Many supposed issues of dominance are very similar. Sure, you can make an argument based on studies of wolf packs that the behavior is a dominant one, but remember what they say about hoofbeats in the night: Think horse, not zebra. If your dog is counter-surfing, think, “He’s reinforcing himself for that behavior because he is getting ham off the counter,” not, “He’s eating ham off the counter to dominate me and position himself as the alpha.”
Authentic Dominance Problems
As I said earlier, some problem behaviors really do have to do with dominance. Rarely will a dog raised in a reinforcing, enriching environment with limits, adequate exercise, and a positive relationship with his owner display these problems, but dogs given plenty of love and care without exercise and training may.
If you got a paycheck every Friday for sitting at home playing World of Warcraft, would you go to work? Probably not, unless you were raised to value work for its own sake. Additionally, in that situation, you might become irritable if someone wandered into your home and suggested that you ought to start working hard at a nearby construction site, with no change in your paycheck as a result.
Your dog won’t work for what he wants if he gets it for free, either, and a dog taught that there are no rules and expectations of his behavior may become a big problem.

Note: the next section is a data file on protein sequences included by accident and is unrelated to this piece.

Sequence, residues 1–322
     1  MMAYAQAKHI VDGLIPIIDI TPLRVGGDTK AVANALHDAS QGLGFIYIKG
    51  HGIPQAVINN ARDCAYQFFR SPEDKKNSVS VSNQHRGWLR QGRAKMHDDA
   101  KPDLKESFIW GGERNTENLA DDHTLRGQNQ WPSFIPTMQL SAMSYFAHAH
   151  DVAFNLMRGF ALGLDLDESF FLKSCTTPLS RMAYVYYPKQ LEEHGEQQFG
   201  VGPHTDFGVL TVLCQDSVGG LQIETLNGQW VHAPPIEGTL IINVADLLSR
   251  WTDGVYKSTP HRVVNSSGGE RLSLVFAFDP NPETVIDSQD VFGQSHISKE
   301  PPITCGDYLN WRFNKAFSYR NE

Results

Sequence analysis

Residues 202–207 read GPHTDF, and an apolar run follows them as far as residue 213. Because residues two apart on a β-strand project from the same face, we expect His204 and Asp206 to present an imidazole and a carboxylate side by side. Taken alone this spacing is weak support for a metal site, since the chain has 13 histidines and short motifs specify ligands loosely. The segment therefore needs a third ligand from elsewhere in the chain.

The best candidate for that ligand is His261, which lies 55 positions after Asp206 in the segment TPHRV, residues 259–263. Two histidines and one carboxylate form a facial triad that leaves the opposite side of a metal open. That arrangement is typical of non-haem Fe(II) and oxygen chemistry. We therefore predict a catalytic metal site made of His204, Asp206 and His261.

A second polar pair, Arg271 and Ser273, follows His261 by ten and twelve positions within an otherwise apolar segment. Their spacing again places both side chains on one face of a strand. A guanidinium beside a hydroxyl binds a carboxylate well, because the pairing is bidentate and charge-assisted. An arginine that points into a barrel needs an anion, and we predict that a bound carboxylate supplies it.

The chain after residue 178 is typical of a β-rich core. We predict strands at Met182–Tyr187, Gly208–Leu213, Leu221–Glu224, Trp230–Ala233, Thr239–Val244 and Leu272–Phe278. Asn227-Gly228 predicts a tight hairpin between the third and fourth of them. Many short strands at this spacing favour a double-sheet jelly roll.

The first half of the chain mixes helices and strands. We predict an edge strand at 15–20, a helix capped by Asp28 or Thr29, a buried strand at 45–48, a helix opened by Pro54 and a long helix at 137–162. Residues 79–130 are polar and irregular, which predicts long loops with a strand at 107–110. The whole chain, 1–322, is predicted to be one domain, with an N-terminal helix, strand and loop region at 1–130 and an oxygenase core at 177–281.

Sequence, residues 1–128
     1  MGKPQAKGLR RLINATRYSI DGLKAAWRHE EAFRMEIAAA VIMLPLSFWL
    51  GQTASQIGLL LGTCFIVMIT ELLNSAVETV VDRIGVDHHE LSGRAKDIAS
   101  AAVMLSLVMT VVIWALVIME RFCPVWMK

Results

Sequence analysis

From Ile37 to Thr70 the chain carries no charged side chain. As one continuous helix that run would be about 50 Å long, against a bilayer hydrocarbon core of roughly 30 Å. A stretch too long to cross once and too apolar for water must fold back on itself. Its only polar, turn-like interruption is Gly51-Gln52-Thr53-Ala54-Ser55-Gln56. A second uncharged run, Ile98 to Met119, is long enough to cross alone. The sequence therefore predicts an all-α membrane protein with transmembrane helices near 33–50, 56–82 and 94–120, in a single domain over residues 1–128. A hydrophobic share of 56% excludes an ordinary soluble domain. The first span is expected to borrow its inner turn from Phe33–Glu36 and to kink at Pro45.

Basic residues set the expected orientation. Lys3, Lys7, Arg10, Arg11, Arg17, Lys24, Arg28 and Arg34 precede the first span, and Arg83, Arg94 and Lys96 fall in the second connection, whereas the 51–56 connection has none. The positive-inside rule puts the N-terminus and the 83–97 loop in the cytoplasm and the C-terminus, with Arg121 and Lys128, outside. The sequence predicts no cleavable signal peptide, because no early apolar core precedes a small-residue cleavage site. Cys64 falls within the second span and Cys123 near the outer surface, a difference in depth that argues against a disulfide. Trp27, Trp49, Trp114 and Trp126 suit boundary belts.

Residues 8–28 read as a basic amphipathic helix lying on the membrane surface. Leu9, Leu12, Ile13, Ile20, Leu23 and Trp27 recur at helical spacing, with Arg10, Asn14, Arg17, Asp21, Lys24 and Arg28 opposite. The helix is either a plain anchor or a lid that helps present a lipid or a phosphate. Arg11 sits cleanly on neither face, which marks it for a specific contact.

One common situation goes like this: A couple wants children one day. They get a dog, and spoil and adore it as they would an infant, but they don’t want to stifle its spirit, so they don’t require it to become trained. An untrained dog isn’t easy to exercise, so it gets none. Then the child comes along and the dog experiences the first limits of its life. You must not jump on the pregnant woman’s belly. You must not growl at the baby. You must not nudge the parents for attention while they are changing diapers. You must not steal and shred the dirty diapers. Now you’ve got a dog who may well begin snapping at his family, refuse to accept the baby, and a pair of confused new parents who don’t know what suddenly changed about their dog.
Nothing changed about the dog, but everything changed about what they expect of the dog, and that changed quickly and without any control or oversight from the owners. The dog is not accustomed to obeying commands or waiting to receive attention and treats until the owners are ready to give them. This is an authentic issue of dominance, though the importance of pack psychology is easily overstated even here. His behavior is intended to cause other members of the family to meet his needs without expecting anything in return. Only when this is the dog’s motivation is an issue truly one of dominance, but even then, a behavioral approach will go farther toward solving it than a thousand alpha rolls.
If you believe your dog is in fact attempting to act as the dominant member of the household, you need to call in a professional behaviorist as soon as possible. Authentic dominance-based aggression is not a problem that should be taken lightly. Trainers whose expertise is in obedience or sports are often unqualified to cope with a dog in this situation. Your best best is to check here for a certified Applied Animal Behaviorist, and if one is not available in your area, to find a trainer who specializes in in-home problem solving. Classes that take the dog out of its home environment into a new space with new demands will not solve problems that only occur in the home environment.